- Origami: From Traditional Craft to Technological Frontier
- [2015.03.13] Read in: 日本語 | 简体字 | 繁體字 | FRANÇAIS | ESPAÑOL | العربية | Русский |
The Japanese word origami has long been part of the global lexicon, and this traditional paper-folding craft is now being applied to new uses in fields ranging from outer space to inside the human body.
The Origami Roots of the Honeycomb Core Panel
Origami, meaning “paper folding,” refers to the traditional art of making decorative objects of various sorts from a single sheet of Japanese paper (and to the objects themselves). The word, a compound of oru (to fold) and kami (paper), has been borrowed into English and other languages, and the art has fans around the world.
Left: The colorful folding paper decorations for the Tanabata festival are said to have inspired a typical manufacturing method for honeycomb core panels. Right: Honeycomb core structures can be seen in everyday uses like packaging. (Photos courtesy Hagiwara Ichirō.)
The techniques used in origami actually have a broad range of applications going far beyond making paper cranes and the like. Hagiwara Ichirō, a professor at Japan’s Organization for the Strategic Coordination of Research and Intellectual Properties, notes that the business uses arising from this art can be worth trillions of yen. It holds the key to a whole new field of innovation.
According to Hagiwara, engineers in Britain were inspired by origami when, in the years after World War II, they developed a widely adopted method for manufacturing honeycomb core panels for industrial use. Honeycomb cores are made by filling a flat space with short hexagonal tubes like the cells of a honeycomb. They are widely used in everyday items, such as cardboard packing materials. The Shinkansen bullet trains have aluminum honeycomb panels in their floors to damp vibrations. Similar panels are attached to the walls of rockets used to launch satellites, where they prevent the sonic vibrations produced by the roar of the idling engine from shaking the satellite apart.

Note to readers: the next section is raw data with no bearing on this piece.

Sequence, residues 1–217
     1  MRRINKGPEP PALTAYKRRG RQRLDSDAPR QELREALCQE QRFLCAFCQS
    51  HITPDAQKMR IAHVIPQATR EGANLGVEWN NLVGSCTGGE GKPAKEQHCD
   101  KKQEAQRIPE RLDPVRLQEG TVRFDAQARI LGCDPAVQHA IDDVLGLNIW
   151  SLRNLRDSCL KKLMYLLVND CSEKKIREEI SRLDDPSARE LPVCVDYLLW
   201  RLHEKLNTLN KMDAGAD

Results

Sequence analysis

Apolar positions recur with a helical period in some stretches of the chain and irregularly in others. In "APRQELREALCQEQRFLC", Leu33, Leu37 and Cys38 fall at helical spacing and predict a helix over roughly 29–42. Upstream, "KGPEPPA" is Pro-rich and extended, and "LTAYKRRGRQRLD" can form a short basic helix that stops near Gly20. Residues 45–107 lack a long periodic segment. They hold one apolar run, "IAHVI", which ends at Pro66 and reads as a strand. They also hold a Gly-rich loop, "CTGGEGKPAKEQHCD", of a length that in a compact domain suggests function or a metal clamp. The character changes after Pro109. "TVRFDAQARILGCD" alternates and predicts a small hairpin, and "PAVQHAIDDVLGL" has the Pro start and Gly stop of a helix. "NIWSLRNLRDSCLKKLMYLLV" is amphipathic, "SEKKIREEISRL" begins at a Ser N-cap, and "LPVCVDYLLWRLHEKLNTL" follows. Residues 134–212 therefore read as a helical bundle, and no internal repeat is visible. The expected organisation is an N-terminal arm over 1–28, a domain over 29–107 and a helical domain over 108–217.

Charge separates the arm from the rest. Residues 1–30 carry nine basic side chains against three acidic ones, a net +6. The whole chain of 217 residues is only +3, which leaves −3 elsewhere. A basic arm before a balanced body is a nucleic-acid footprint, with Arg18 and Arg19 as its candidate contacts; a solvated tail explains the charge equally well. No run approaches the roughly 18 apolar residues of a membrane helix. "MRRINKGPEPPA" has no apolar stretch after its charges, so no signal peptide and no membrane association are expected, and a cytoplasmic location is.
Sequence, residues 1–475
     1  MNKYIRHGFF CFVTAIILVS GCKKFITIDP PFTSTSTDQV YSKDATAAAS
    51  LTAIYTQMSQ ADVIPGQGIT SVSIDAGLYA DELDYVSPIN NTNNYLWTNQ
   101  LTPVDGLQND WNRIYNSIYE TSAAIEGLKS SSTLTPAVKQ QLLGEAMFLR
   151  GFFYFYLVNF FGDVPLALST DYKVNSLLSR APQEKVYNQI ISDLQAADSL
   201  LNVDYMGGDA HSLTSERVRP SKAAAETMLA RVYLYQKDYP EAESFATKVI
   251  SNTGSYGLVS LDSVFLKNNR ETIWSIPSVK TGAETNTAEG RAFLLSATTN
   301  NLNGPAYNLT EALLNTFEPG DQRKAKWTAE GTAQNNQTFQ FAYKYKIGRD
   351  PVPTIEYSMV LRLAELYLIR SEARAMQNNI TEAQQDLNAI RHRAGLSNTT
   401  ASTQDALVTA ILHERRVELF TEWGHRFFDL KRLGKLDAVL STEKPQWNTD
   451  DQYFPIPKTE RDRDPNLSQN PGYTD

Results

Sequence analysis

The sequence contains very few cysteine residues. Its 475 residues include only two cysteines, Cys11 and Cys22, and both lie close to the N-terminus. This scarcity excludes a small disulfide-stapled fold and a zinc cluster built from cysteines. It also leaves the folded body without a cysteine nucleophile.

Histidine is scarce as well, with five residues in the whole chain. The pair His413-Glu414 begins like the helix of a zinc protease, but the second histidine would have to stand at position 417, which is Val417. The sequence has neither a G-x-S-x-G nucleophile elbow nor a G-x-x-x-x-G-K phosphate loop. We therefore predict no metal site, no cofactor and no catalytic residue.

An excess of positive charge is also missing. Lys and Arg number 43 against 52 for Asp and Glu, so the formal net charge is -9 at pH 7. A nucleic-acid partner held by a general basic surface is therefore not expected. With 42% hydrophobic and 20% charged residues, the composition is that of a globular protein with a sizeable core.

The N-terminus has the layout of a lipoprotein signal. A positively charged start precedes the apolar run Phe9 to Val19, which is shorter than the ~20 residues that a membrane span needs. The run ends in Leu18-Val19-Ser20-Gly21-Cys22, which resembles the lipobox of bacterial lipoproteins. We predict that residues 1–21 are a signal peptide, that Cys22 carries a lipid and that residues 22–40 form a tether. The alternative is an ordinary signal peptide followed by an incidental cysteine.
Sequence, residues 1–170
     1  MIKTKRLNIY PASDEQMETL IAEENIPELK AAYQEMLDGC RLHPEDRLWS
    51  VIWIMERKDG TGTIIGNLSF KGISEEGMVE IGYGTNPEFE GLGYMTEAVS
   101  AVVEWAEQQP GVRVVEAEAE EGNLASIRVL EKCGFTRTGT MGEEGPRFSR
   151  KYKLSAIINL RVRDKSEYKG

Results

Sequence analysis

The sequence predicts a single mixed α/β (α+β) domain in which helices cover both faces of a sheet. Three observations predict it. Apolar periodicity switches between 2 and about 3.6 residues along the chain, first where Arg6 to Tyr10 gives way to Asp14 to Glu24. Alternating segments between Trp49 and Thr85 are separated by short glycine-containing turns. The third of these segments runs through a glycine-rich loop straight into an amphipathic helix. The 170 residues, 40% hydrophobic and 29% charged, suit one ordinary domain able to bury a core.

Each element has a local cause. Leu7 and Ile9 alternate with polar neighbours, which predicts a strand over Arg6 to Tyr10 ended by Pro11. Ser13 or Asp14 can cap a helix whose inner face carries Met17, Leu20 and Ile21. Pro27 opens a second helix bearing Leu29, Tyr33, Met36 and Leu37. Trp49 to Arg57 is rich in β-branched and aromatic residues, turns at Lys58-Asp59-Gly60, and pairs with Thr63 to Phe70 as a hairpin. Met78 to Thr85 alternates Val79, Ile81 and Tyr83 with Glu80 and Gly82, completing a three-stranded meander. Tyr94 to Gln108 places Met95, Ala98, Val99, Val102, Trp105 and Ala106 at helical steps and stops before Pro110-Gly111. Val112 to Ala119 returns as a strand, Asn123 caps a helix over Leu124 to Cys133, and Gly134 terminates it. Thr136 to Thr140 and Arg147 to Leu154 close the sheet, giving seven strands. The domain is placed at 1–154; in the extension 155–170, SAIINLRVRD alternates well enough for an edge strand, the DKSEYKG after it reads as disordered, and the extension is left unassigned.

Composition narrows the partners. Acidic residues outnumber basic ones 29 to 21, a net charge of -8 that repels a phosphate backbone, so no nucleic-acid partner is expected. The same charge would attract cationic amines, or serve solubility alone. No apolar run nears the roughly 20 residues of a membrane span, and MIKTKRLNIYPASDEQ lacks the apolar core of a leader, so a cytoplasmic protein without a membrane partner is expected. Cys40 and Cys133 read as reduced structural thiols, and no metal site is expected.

Two Pioneers in Origami Engineering
It seems a bit ironic that this multi-trillion-yen technology for which origami provided the hint was commercialized not in Japan but in Britain. Professor Hagiwara goes so far as to call it “shameful” that Japanese engineers failed to take advantage of this traditional Japanese technique.
Hagiwara was originally a specialist in impact engineering, working at Nissan Motor in the field of collision research. He subsequently became a professor at Tokyo University of Technology, where he was responsible for collaborative engineering studies, a field that seeks to incorporate feedback from users, such as on the riding comfort of cars, into the product development process. But in 2002 he learned of the origami engineering initiative being pursued by Kyoto University’s Nojima Taketoshi (now a research fellow at the Meiji Institute for Advanced Study of Mathematical Sciences). Nojima had noted the lightness and strength of origami, along with its ability to be folded and unfolded, and he asserted that these qualities should be useful for industrial purposes. Hagiwara was attracted by this possibility, and he established an origami engineering research group of his own.